3 Brilliant Examples of Brand Storytelling You May Have Missed
We have been sharing stories from the beginning of human civilization — for good reason. Stories captivate our attention and build communities by bringing ideas, emotions, and experiences to life in a memorable way. So much so, that companies are increasingly embracing brand storytelling in the era of the connected digital consumer.
What is Brand Storytelling?
Brand storytelling is defined as the art of shaping a company’s identity through the use of narratives and storytelling techniques that facilitate an emotional response and establish meaningful connections.
When done correctly, research shows the powerful impact storytelling can have on us:
- Stories are 22 times more memorable than facts & figures alone
- Our neural activity increases 5X when listening to a story
- Storytelling lights up the sensory cortex in the brain, allowing the listener to feel, hear, taste, and even smell the story
As a result, in a time when captivating consumer attention is the ultimate commodity, it has never been more important for companies to tell the right stories. The stories that stop us in our tracks, the stories that move us to tears, the stories that challenge us and change our perspective.
In a time when captivating consumer attention is the ultimate commodity, it has never been more important for companies to tell the right stories. Click To Tweet
There’s a magical spark that happens when consumers truly connect with a brand’s story, but how do companies source those unicorn, one-of-a-kind stories? Inspired by our book, The Laws of Brand Storytelling, here are three brilliant examples of brand storytelling you may have missed.
Brand Storytelling Example 1: The Land Of Land Rovers Campaign
Land Rover Showcases Why The Best Stories Come From Others
In celebration of Land Rover’s 70th anniversary, the company brought to life the true story of, “The Land of Land Rovers,” a remote area in the Indian Himalayas. The video tells the story of the local drivers who rely on a fleet of meticulously maintained 1957 Land Rover vehicles to provide transport and supplies along the treacherous mountain roads between two small villages, Maneybhanjang and Sandakphu.
To bring this remarkable story to life, Land Rover’s team made the village of Maneybhanjang their home for ten days in order to get to know these brave drivers and experience their everyday life. The end result delights the viewer with its stunning cinematography, while hearing from the drivers and villagers only further reinforces the incredible off-road capabilities of Land Rover vehicles.
The Best Stories Are Not Your Own
Land Rover’s campaign offers a brilliant example and a reminder that the best stories are not your own, but those of your customers and your fans. Sourcing those stories might be tough, but when you find those that truly touch people’s hearts, invest in bringing them to life and prioritize them over your product message.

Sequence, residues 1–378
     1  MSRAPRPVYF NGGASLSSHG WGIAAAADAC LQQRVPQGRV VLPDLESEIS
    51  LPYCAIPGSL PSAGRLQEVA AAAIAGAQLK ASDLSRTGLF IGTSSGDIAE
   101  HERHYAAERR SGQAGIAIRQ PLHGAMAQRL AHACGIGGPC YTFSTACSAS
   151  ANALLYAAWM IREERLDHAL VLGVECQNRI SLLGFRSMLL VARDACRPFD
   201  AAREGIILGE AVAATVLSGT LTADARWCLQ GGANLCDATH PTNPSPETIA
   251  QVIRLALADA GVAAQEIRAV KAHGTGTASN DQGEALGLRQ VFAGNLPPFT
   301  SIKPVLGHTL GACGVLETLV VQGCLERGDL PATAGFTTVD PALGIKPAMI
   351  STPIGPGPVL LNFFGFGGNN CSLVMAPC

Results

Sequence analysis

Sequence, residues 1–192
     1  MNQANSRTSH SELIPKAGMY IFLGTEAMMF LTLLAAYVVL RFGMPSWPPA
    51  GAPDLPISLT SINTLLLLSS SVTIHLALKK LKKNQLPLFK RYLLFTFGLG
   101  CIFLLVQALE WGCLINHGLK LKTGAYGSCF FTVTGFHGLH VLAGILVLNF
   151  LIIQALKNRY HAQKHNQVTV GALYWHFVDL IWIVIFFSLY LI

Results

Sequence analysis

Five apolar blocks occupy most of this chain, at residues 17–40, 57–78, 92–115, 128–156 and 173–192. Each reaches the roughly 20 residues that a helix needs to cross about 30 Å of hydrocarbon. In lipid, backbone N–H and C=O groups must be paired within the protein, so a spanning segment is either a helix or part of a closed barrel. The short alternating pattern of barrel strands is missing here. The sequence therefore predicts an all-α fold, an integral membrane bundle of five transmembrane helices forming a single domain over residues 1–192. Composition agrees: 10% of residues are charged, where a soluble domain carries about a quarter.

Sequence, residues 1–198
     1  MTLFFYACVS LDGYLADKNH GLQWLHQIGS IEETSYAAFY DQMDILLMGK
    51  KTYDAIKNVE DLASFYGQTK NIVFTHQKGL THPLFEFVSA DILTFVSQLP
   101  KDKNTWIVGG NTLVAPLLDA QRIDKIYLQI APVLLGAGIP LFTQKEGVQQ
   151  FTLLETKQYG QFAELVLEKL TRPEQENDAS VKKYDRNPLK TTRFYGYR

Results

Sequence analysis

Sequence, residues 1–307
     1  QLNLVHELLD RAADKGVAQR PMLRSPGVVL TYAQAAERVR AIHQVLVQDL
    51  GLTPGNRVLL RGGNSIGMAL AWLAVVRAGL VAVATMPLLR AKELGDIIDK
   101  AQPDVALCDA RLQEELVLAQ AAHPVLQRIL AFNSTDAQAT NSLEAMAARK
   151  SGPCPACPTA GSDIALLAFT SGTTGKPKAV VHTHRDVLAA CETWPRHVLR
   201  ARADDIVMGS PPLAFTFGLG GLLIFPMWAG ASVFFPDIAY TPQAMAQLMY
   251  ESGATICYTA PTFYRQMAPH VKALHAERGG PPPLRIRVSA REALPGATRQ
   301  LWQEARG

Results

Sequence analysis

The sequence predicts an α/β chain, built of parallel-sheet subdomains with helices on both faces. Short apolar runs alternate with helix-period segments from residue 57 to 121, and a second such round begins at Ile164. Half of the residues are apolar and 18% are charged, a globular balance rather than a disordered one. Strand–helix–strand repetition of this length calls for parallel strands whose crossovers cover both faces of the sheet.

The best stories are not your own, but those of your customers and your fans. Click To Tweet
Your Action Item: Get to Know Your Customers
To uncover the best customer stories, our best tip is to invest in getting to know your customers. From asking for customers to share their stories and memories with your company or products through social media or email campaigns, to running contests to encourage stories, top companies create a culture of sharing and storytelling.
Additionally, look at the many customer-facing touchpoints in your business, from sales to customer care, public relations, retail employees, and more. Employees on the front lines always have the best stories, but don’t necessarily know who to share them with. Whether it’s through regular check-ins, internal contests or targeted employee communications in newsletters or in the employee break room in-store, create processes for employees to share.
Brand Storytelling Example #2: Ikea’s Improve Your Private Life Campaign
IKEA Singapore Highlights The Power Of Humor In Storytelling
Every company speaks to the value of their products and services, but how many successfully turn those products or services into a laugh-out-loud funny yet relatable story? Consider taking a page from IKEA Singapore’s Shelf Help Guru campaign. The video campaign stars Fille Güte, a ‘Shelf Help Guru,’ who wants to take IKEA customers on a journey of ‘shelf discovery’ to improve their private lives in their most private areas: their bedrooms and bathrooms.
What makes the video shine is how it uses cheeky scenarios and hilarious puns to illustrate practical storage and furniture solutions from IKEA. The use of humor is spot on, truly captivating the viewer while positioning IKEA as the go-to retail store for improving your home.
However, what’s also exciting about this example of brand storytelling from IKEA Singapore is how the company continued the storyline with its customers on Facebook with a Shelf Help Guru Contest. In the contest, IKEA Singapore challenged fans to ask its Shelf Help Guru a question on how to improve their bedroom or bathroom for a chance to win a $50 gift card. Although a seemingly simple idea, IKEA Singapore had its Shelf Help Guru personally respond to every comment with a funny meme answering the person’s question with a link to the relevant IKEA product page.
Don’t Be Afriad to Get Personal with Your Customers